by Felix Quigley
January 14, 2oo9
A rabid antisemitism took to the streets of many cities last weekend centring around this modern meaning of the term antisemitism which is “Palestinianism”.
The following is a very instructive article by Kevin Lubin and his experiences in Calgary
[begin article here]
Critics of Israel are often quick to insist that they’re not anti-Semitic—just anti-Zionist, anti-“occupation,” or something along those lines. But not these guys: at a protest against Israel in downtown Calgary on the weekend, the Nazi group, the Aryan Guard, showed up to march alongside the Muslims. Of course, the Aryan Guard is honest enough to admit they just plain hate Jews, not bothering to strain themselves with arguments of nuance. They fit right in on Saturday with their posters of Israeli flags defaced with the accusation “Terror State.” As Darcey at Dust My Broom notes, the 150 “anti-racists” who came out in force to protest an Aryan Guard march in downtown Calgary last year didn’t complain this time. In fact, they marched right along with the Aryans, united under the swastika: the Arabs and Communists labeling the Jewish State a “Nazi” regime; the skinheads hoping to resurrect the Real McCoy.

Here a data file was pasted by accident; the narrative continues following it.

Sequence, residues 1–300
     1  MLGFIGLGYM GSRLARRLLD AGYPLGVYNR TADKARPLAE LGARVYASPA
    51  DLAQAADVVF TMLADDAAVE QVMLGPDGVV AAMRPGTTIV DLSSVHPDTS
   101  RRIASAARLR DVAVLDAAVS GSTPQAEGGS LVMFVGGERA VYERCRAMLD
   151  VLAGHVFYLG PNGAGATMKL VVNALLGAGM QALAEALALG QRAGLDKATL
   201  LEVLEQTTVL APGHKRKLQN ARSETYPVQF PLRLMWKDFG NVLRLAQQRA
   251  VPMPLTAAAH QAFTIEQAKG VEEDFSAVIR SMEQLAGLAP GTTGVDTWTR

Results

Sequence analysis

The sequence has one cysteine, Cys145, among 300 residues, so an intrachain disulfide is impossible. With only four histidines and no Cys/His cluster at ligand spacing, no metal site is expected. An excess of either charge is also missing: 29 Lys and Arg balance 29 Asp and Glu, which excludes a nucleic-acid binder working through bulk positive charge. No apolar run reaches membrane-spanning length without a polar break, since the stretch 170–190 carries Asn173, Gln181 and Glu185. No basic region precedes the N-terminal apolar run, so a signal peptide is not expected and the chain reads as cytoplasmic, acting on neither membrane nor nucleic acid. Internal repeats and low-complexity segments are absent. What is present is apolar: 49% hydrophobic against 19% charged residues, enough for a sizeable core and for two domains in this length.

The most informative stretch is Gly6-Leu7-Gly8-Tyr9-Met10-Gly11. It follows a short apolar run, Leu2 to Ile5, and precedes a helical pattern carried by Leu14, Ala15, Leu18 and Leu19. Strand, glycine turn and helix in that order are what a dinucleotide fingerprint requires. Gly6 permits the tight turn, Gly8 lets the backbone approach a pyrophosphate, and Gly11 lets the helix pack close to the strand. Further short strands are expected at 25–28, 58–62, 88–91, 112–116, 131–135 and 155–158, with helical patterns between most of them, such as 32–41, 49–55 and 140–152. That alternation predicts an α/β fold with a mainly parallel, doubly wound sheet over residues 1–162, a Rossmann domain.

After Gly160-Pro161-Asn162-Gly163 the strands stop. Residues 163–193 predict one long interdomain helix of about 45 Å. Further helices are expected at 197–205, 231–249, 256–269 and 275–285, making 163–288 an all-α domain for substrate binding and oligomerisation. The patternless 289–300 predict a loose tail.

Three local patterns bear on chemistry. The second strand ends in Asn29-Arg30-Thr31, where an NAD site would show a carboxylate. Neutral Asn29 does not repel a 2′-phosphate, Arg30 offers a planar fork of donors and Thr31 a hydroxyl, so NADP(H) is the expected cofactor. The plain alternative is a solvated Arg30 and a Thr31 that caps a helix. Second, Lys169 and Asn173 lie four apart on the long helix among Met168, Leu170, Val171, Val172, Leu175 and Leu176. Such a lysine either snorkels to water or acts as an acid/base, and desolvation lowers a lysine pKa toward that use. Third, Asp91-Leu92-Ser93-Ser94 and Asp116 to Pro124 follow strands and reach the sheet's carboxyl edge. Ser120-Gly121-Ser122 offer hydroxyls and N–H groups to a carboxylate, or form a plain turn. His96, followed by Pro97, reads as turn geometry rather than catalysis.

Event organizer Shadi Abuid—who last made news a few years back as a university student when he brought to Calgary Norman Finkelstein, the popular anti-Israel author of “The Holocaust Industry”—told Canwest Global he was impressed with the “various groups uniting under one voice.” He explained that he had “directly told” the neo-Nazis that he’d prefer they didn’t join the march. “But in these demonstrations you can control the crowd but you can’t control the emotions . . . you can’t deny people’s right to walk,” he shrugged.
That’s true. Except, many of the same organizers behind Saturday’s march attempted to deny the freedom-to-demonstrate of an Israeli supporter just the other week. At a protest in front of Prime Minister Stephen Harper’s constituency office in southwest Calgary January 2nd, Gazan supporters called the cops to complain when one man showed up waving an Israeli flag. There were 150 pro-Palestinian protestors, but the single Israeli supporter was told by police that he must leave or be charged with “inciting civil disorder,” according to this account (with photos). Protestors reportedly cursed at and threw shoes at the man.
The anti-Israel, anti-Zionist, anti-whatever protestors should indeed get the benefit of the doubt when it comes to accusations of being Jew-haters. But attempting to suppress the rights of Israel’s supporters, while standing up for the rights of Nazis to march alongside them arm-in-arm, can only make drawing that distinction a lot more difficult.